There was a poem I found, Christmas Day in the Workhouse by George R. Sims (1903). It is a rather serious poem calling out wealthy patrons for feeding paupers in the workhouse on Christmas while harboring no good will or compassion beyond this public show of charity. My guess is that versions of my dad’s poem grew out of this, and there are many versions. I found a discussion thread that mentioned a version that was in the 1977 movie, “The Gathering” as well as in a book by Anthony Hopkins, Songs of the Front and Rear: Canadian Servicemen’s Songs of the Second World War.” Perhaps this was not an English iteration but a Canadian one. Sadly, it never occurred to ask my father about the origin of his poem, we were all too busy groaning as he launched into it every Christmas Eve.
Between all the versions I found, and my fuzzy wuzzy memory, I think I have been able to reconstruct the poem as my father had recited it.
Christmas Eve in the Workhouse, Dad Version
It was Christmas Eve in the workhouse
The one day of the year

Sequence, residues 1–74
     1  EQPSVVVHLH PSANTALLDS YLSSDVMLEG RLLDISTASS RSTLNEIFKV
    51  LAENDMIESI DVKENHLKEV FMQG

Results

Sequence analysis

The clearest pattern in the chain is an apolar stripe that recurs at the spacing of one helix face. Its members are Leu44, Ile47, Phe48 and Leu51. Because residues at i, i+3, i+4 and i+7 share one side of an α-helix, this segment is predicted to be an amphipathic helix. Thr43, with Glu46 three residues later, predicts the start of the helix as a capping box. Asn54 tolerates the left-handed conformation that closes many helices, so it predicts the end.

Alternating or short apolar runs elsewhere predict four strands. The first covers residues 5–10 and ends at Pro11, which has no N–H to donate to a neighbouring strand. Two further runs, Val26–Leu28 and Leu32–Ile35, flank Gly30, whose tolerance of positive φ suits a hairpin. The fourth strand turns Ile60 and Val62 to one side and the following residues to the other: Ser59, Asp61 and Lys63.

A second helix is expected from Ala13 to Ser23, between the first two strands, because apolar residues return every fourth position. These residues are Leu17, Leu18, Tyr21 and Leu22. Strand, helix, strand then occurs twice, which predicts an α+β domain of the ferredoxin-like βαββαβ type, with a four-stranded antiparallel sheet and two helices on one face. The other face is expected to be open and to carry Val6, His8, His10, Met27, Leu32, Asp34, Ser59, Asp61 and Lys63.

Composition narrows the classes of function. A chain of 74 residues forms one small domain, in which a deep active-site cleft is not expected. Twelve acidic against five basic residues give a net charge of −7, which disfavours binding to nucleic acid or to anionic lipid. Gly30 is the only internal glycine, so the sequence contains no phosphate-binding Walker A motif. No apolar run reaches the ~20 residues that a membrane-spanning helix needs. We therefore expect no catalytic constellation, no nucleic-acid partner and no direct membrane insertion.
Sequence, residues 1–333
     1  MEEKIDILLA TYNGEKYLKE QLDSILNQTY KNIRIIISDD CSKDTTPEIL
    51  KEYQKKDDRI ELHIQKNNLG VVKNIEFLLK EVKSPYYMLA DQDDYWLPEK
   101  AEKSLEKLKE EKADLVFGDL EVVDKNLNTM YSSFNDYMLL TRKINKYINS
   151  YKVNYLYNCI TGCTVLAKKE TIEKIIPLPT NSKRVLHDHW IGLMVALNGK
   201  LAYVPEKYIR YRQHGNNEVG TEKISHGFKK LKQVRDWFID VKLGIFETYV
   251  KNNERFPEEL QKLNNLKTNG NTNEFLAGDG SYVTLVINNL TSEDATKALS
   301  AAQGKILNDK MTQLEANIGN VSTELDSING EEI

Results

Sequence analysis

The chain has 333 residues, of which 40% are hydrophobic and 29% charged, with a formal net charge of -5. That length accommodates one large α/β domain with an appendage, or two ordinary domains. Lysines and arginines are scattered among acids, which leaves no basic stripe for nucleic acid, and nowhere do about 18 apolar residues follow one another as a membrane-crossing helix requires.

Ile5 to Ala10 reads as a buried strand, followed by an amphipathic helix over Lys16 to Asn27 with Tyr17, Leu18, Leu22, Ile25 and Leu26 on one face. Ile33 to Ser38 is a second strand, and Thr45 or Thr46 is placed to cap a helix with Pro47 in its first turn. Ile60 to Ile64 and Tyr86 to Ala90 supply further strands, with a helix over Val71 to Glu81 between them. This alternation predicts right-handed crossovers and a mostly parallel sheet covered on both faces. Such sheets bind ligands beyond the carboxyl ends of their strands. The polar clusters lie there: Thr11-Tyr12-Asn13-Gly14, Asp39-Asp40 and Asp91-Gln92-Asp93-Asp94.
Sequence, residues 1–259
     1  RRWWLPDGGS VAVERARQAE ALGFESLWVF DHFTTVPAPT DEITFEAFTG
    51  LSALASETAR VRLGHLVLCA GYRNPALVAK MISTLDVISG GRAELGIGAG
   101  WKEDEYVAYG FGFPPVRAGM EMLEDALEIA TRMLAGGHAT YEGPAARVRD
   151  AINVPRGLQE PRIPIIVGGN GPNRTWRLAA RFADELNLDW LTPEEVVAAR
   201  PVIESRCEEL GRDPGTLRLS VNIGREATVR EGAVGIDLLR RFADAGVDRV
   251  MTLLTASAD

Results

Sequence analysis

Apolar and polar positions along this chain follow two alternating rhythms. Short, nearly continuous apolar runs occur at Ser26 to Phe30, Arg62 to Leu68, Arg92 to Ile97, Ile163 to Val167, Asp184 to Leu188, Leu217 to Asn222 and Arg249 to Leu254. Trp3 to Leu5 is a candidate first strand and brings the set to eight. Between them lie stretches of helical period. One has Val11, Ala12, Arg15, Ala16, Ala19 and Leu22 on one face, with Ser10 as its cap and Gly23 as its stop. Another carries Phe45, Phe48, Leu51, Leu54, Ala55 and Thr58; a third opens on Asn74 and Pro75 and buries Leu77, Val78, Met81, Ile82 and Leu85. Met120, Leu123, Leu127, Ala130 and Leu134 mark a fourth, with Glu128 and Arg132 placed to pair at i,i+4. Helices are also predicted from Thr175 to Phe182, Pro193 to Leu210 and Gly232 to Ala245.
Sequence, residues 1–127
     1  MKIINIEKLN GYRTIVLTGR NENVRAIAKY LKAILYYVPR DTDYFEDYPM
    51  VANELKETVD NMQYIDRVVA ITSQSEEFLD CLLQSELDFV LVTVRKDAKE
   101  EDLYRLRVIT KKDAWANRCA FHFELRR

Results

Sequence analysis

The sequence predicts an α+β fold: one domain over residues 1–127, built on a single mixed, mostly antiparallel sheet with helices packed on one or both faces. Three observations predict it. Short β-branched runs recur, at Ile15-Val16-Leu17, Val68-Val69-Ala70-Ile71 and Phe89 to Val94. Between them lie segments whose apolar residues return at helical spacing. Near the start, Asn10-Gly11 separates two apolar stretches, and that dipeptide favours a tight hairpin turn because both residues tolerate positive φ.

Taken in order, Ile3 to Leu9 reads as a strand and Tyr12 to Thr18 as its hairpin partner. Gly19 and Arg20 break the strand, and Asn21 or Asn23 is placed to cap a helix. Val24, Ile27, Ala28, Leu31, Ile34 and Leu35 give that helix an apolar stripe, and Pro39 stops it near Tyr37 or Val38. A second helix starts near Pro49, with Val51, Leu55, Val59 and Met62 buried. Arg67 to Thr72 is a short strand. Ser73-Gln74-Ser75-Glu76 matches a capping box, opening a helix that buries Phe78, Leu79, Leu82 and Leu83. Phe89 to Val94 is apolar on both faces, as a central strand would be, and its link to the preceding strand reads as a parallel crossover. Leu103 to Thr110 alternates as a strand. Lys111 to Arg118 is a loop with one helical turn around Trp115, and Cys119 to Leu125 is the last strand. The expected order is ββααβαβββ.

The paupers all were merry and
Their bellies full of beer
In strode the Workhouse Master
Within those grimy walls
He cried out: ‘Merry Christmas’
The paupers answered ‘Balls’
This enraged the Workhouse Master
Who swore by all his gods
You’ll have no Christmas pudding
You dirty rotten sods
Then up stood one old pauper
His face as bold as brass
‘We don’t want your Christmas pudding
Shove it up your…oven’.
As with any good limerick, the rhyme in the versions I found online led to the expected off-color conclusion. My father’s version was suitable for all ages. Part of the fun was that all of us knew where we were being led—that pudding was not directed to an oven—but my dad implying a naughty word was much funnier than him saying a naughty word. We laughed inwardly and groaned aloud every year.
Long after I moved from home, my father would phone on Christmas Eve and recite his poem and I would groan on cue. My Dad has been gone for some years now, but never does a Christmas Eve pass without me thinking of his silly poem. In this year when people are separated and traditions are harder to observe, memories of those who have been in our lives and the traditions we shared are ours to recall, embrace, and perhaps share in our virtual, socially distanced communities. While there are many memories and traditions that I remember fondly, this is what comes first to my mind like a jolly ghost of Christmas past that visits the eve before Christmas.
Merry Christmas to all who celebrate the day, and a joyous and safe day to everyone near and far.